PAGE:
Grants for heat pumps and biomass boilers withdrawn

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The government is withdrawing grant support for heat pumps and biomass boilers and reducing grants for other energy efficiency upgrades as part of its new Better Energy national building upgrade programme.
 
The government has allocated an additional €30m to the programme this year in addition to the €60m set aside in this year's budget. It expects the extra funding to support an additional 2,000 jobs in the retrofit sector in 2011.

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SEAi's Brian Motherway (left), energy minister Pat Rabitte (centre) and the Department of Energy's Stjohn O'Connor launch the government's Better Energy upgrade programme. 


The government is withdrawing grant support for heat pumps and biomass boilers and reducing grants for other energy efficiency upgrades as part of its new Better Energy national building upgrade programme.

 
The government has allocated an additional €30m to the programme this year in addition to the €60m set aside in this year's budget. It expects the extra funding to support an additional 2,000 jobs in the retrofit sector in 2011.

Better Energy will replace the Home Energy Saving Scheme, the Warmer Homes Scheme and the Greener Homes Scheme. The Sustainable Energy Authority of Ireland (SEAI) said these schemes supported 5,800 jobs in 2011.

The full list of grants available is as follows: €200 for attic insulation, €320 for cavity wall insulation, €4,000 for external wall insulation, €2,000 for internal dry lining, €560 for high efficiency oil and gas boilers, €400 for heating control upgrades, €800 for solar thermal and €80 for building energy ratings.

The grant for external wall insulation is the only one not to be reduced. The grants for attic, cavity wall and internal insulation have been reduced by €50, €80 and €500 respectively. Grants for boilers, heating controls and BERs have been lowered by €140, €100 and €20 respectively.

Despite the reductions, the government is committing an additional €30m funding for 2011 compared to the €60m promised by the previous government. This still represents an overall funding reduction compared to 2010, and some of this year's allocation will go towards grants awarded last year that have yet to be paid out.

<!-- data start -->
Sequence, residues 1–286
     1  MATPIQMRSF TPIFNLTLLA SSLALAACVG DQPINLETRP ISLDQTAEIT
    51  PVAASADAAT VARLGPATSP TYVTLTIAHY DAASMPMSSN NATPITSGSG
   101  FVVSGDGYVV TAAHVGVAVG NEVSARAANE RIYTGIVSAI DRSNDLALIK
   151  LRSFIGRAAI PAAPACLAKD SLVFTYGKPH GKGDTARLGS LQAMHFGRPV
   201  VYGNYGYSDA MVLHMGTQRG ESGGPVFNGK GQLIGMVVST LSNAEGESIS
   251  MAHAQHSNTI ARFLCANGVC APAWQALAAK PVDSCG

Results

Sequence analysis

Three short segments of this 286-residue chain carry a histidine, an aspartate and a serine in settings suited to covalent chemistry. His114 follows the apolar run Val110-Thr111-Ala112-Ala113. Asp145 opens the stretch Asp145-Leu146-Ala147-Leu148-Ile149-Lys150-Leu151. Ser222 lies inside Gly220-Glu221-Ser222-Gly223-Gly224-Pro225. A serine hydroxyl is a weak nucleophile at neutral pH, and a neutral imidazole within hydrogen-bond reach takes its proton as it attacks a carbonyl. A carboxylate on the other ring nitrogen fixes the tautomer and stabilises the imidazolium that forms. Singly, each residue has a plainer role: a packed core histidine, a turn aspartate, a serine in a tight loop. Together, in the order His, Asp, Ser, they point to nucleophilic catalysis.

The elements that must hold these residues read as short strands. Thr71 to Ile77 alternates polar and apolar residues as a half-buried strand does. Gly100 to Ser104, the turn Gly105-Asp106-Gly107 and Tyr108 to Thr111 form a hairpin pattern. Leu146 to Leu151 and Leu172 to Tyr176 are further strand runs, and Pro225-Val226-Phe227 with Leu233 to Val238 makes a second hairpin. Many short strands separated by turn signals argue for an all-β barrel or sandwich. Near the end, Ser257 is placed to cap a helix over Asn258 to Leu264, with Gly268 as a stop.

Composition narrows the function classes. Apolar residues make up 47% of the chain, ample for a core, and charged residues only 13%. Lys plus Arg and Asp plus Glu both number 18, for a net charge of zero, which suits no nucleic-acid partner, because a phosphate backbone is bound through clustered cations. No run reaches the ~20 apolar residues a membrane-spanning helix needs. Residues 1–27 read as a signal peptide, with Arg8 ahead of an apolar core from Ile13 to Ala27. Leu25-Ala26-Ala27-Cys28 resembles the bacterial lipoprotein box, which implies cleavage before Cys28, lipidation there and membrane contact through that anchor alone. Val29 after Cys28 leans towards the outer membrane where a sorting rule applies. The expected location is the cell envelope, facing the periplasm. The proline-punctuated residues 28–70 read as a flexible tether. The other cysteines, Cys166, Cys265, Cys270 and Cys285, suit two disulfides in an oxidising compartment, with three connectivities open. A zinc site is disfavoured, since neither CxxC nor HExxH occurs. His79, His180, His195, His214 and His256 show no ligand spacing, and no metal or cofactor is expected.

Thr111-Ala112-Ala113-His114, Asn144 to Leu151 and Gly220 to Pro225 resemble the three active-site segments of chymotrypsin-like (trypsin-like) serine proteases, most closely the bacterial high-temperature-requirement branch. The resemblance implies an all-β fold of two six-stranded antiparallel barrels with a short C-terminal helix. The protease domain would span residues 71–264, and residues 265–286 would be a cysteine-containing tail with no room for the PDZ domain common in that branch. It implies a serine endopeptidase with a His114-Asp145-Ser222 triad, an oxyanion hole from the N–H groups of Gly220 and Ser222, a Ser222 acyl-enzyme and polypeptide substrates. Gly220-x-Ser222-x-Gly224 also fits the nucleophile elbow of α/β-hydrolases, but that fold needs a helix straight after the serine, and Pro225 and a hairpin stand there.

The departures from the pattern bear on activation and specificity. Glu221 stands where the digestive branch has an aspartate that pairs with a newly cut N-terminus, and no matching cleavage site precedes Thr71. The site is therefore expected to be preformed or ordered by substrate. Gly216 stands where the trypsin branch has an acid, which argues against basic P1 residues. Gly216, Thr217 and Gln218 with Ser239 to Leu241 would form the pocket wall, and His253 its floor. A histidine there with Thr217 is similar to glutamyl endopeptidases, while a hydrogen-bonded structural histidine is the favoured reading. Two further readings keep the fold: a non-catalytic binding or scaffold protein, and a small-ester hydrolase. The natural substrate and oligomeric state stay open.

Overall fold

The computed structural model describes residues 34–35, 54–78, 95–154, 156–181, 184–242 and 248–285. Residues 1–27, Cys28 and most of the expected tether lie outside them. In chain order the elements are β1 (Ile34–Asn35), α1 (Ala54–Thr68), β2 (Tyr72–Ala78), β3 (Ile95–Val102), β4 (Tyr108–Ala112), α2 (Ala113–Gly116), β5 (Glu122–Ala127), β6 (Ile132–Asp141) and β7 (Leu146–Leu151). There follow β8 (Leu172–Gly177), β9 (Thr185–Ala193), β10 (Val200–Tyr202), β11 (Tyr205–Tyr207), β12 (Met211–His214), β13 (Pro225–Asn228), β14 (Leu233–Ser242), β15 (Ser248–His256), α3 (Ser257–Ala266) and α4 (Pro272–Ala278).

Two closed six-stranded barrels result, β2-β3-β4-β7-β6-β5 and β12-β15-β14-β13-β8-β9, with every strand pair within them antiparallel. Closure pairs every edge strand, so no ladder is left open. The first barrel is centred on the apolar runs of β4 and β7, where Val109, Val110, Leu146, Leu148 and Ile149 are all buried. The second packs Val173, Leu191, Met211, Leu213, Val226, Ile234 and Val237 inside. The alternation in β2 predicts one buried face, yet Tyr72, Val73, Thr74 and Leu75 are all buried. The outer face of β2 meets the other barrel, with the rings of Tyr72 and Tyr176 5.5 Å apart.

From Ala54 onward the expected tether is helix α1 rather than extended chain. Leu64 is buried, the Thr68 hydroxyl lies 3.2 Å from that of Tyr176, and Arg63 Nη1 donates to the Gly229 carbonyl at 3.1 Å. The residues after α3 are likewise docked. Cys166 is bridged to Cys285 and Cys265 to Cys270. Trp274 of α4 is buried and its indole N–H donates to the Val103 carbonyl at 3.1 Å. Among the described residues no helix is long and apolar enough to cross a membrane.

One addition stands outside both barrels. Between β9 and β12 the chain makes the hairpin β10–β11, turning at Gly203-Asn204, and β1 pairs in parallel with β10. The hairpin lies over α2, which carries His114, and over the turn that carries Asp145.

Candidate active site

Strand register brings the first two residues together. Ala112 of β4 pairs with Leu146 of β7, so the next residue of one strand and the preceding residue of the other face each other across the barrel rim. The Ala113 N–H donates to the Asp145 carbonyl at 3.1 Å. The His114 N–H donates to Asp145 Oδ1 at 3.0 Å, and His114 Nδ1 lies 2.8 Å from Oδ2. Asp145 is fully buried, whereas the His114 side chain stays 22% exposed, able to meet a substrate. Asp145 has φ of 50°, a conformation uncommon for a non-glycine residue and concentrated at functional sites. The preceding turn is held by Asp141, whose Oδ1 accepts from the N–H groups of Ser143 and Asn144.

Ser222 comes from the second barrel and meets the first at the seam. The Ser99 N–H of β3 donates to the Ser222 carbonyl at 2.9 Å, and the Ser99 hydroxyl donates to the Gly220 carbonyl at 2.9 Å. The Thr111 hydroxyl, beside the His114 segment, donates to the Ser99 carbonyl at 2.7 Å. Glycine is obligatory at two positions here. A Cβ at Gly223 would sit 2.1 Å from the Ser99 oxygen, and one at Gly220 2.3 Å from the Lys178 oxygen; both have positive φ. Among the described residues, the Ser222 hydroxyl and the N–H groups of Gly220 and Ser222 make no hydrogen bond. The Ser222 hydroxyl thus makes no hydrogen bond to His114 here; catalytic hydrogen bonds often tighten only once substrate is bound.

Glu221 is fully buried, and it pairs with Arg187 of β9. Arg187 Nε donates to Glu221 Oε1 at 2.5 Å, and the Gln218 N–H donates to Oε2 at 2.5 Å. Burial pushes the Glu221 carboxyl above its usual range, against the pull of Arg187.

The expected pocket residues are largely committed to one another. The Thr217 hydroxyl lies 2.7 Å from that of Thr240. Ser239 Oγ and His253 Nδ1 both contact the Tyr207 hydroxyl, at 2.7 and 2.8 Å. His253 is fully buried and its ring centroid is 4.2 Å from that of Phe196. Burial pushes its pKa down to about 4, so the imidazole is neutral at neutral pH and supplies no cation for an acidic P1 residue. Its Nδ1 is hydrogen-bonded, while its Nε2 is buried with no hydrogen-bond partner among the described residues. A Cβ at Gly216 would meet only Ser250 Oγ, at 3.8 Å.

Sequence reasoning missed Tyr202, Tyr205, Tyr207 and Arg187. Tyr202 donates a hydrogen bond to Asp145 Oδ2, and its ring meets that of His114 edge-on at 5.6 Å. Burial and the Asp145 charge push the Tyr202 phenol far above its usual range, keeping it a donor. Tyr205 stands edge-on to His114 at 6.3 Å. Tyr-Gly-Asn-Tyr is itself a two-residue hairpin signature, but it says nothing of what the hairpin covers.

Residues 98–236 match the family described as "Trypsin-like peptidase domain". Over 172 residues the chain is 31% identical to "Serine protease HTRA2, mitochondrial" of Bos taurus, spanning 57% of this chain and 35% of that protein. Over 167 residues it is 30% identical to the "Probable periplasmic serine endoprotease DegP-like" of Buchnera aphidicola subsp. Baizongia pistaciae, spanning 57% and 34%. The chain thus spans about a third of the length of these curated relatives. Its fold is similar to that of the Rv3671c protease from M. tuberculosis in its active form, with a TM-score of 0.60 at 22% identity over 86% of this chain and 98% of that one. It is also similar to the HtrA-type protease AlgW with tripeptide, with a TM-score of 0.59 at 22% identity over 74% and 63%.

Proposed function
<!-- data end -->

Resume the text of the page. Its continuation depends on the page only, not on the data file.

The government said Better Energy marks "the start of the process of moving to new financial models such as pay as you save". It said the programme will be the main vehicle to bridge the gap of approximately 8,000GWh, identified under Ireland’s National Energy Efficiency Action Plan, in the achievement of the national 20% energy saving target between now and 2020.
 
“Better Energy is a major step forward in this government’s retrofitting programme," Energy minister Pat Rabbitte said. "Given energy price trends and growing concerns over security of supply, the way we use energy is no longer simply a question of environmental responsibility but one of economic necessity. Every euro spent by homeowners and businesses on energy efficiency, not only brings about long term energy savings, but also helps support jobs and indigenous companies.”

SEAI will relaunch the grants section of its website next Monday, 16 May. The website will aim to serve as a one stop shop, where homeowners will be able to enter information on their dwelling and the type of upgrade they're looking for, and see the variety of retrofit options and supports available, including those offered by energy utilities.

SEAI's Brian Motherway told Construct Ireland the organisation still intends to move away from the current model of grants to one where subsidies are given up front as a discount on retrofit products and services. He added that Bord Gais is currently trialling this model.

Pat Rabbitte headshot: Labour Party

Last modified on Wednesday, 11 May 2011 17:19

Comments   

Mike Teahan
#1 Mike Teahan 2011-09-15 15:04
Typical, give grants to a product that save the minimum... a typical family home uses 4500-5000Kwhr/y for hot water and solar saves approx 50-60% of this. Thats a saving of only 2500kwhrs/y. this equates to a total of approx €250 worth of oil at an average cost per installation of approx €4000 - €5000. Do the maths... But yes remove the grants that save 1,000's of Kwhrs/y... yes lets do that and save less and use more... is it just me or is something wrong here...?

The heat pump and bio mass grants nearly self pay as the revenue income on the VAT and PRSI etc more that pays the grant.. again am i the only one...!! the heating of an average house is approx 20,000Kwhrs/y and biomass and heat pumps can save upto 75% of this... but why bother as they save too much...

Cheers

Mike

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